Published April 10, 2024 | Version v1
Working paper Open

Bargaining in the Shadow of the Press Publishers' Right

  • 1. ROR icon University of Glasgow


The press publishers’ right (granted under Art. 15 of the EU’s 2019 Directive on Copyright in the Digital Single Market) equips publishers with a legal basis for negotiations with digital intermediaries. However, the process of bargaining has not been specified by the EU legislator, who left it at the discretion of EU Member States and the market. This paper constructs the four main approaches to the operationalisation of the press publishers’ right in the EU, in contrast with the bargaining framework that evolved in Australia without the underpinning of a new intellectual property right. It analyses those five frameworks in the light of the ‘bargaining in the shadow of the law’ perspective, to understand the relationship between statutory law and private bargaining as mediated by institutional frameworks. By defining and coding key parameters concerning the bargaining parties, their endowments (bargaining chips), measures to mitigate dependencies and the role played by the authority (such as a regulator), the paper shows that bargaining frameworks sit as complex institutional constraints between pure private ordering and the law. It is the shape of the bargaining framework which matters for the range and the frequency of the agreements between press publishers and digital platforms.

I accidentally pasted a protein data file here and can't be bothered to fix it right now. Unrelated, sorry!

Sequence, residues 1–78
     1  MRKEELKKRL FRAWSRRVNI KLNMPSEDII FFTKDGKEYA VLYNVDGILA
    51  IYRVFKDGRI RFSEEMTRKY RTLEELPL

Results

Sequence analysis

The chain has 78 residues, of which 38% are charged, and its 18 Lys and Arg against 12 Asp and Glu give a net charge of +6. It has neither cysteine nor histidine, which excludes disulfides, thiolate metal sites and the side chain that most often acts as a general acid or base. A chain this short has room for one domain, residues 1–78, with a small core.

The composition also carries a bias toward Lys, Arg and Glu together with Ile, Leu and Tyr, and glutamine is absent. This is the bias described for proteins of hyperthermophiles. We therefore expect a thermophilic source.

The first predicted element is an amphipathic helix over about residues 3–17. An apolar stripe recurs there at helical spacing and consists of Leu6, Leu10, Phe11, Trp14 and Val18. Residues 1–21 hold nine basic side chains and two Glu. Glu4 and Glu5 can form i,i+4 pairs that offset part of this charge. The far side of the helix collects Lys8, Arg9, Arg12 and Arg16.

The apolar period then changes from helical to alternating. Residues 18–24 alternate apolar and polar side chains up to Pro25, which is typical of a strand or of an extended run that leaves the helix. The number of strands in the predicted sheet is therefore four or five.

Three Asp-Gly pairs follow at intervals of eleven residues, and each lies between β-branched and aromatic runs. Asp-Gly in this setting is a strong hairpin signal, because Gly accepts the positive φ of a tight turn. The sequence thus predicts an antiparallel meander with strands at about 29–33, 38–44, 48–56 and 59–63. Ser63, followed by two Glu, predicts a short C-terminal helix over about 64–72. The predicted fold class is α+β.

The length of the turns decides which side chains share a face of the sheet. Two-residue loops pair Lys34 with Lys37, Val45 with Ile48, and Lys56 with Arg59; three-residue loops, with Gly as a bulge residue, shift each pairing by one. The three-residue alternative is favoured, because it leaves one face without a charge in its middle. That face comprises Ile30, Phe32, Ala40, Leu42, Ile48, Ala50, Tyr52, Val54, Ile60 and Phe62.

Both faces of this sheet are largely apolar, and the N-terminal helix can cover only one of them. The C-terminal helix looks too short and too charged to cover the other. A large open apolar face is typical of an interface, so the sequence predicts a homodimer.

2024_04_Bargaining in the shadow.pdf

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